Adequate signal-to-noise ratio is one of the characteristics of a professionally designed sound reinforcement system. The terms “dynamic range” and “signal-to-noise ratio” are often used interchangeably, but a closer look reveals that they are not exactly the same thing. The dynamic range of a sound system is the difference in level between the highest signal peak that can be reproduced by the system (or device in the system) and the amplitude of the highest spectral component of the noise… View this post
    Filed in: AVFeatureBlogStudy HallAVLoudspeakerMeasurementMicrophoneSignalSound ReinforcementSystem

  • Thursday, November 10, 2016
    spl
    Peter Janis 11/10/16 01:36 PM,
    Editor’s note: This one goes back a few years, but the question remains relevant. I go to a lot of concerts. Most of the time, I arrive at sound check to spend some time talking to the techs and engineers about new gear or problems that need fixing. This is also a source of new product development. Then, if time permits, we usually try to go out for a quick dinner before heading back to the venue for the show.… View this post
    Filed in: Live SoundFeatureBlogStudy HallConcertEngineerLoudspeakerMeasurementMicrophonePowerSound Reinforcement

  • Wednesday, November 09, 2016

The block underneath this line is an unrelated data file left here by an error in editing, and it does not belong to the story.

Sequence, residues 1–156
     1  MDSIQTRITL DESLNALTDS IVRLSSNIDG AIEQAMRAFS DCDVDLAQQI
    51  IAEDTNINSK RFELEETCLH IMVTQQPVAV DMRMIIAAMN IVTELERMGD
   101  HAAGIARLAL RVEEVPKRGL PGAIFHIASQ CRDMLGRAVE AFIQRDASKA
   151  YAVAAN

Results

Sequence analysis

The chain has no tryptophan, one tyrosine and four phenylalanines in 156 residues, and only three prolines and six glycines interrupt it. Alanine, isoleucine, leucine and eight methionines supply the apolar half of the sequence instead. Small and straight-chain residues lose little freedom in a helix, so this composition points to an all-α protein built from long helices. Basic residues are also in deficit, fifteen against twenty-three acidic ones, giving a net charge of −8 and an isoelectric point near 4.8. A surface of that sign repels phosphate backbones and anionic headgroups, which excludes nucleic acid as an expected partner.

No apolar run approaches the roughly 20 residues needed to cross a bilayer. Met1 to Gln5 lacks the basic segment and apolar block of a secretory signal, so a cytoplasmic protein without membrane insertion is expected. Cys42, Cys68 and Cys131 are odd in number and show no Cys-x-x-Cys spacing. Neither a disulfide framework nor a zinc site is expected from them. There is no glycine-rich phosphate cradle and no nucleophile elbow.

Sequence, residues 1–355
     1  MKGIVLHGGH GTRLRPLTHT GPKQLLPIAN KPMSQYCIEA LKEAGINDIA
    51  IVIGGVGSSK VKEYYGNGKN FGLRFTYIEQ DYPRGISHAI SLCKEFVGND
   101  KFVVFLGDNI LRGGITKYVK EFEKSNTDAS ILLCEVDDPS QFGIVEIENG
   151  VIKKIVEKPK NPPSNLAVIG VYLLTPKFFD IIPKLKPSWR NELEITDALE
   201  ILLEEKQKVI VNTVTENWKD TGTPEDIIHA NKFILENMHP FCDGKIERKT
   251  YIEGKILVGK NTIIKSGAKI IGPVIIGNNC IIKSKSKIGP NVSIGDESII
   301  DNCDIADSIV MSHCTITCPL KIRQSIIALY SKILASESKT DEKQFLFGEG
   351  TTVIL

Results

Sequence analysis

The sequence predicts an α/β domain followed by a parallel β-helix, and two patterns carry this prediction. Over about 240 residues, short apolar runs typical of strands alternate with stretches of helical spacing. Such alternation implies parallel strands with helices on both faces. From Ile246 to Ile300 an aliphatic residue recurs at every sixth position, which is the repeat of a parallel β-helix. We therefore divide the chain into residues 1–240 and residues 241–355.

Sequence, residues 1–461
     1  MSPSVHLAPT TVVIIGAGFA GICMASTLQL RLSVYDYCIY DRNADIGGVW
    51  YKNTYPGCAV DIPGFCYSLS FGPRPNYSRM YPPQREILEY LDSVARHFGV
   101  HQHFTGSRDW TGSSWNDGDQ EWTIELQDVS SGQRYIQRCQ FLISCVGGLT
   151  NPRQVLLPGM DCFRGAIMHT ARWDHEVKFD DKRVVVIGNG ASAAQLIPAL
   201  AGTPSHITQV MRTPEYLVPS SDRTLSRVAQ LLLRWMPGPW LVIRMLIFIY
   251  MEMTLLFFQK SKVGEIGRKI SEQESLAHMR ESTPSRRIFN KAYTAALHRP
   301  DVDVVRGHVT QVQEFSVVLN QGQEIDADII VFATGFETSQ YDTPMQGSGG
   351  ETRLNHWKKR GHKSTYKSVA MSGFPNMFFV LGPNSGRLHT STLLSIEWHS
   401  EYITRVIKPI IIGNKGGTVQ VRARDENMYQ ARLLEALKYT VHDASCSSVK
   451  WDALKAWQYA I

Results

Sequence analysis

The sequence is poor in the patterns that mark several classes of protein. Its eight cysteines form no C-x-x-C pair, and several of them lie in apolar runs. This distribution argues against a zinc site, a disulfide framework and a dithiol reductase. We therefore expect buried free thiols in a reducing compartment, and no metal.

compression
    Bruce A. Miller 11/09/16 07:49 AM,
    This article is provided by BAMaudioschool.com.   The compressor is a wonderful tool when used properly, however, often the basics of compression are misunderstood, leaving audio that would have been better left untouched. A compressor is a threshold effect that will squeeze dynamic range. If a sound has dynamics (increases and decreases in volume), a compressor will push them together.  This type of effect is called compression and is not to be confused with computer files compression (making files smaller)… View this post
    Filed in: RecordingFeatureBlogStudy HallEducationMeasurementProcessorSignalStudio

  • Wednesday, October 26, 2016
    recording
    Nigel Redmon 10/26/16 11:59 AM,
    This article is provided by EarLevel Engineering.   Most people who’ve looked at digital audio before know about the Nyquist theorem. If you sample an analog signal at a rate of at least twice its highest frequency component, you can convert it back to analog, passing through a low-pass filter, and get back the same thing you put in. Exactly. Perfectly. The Real World In the real world, though, many people argue that analog “sounds better.” How can this be,… View this post
    Filed in: RecordingFeatureStudy HallAnalogDigitalDigital Audio WorkstationsEducationEngineerMeasurementProcessorSignalSoftwareStudio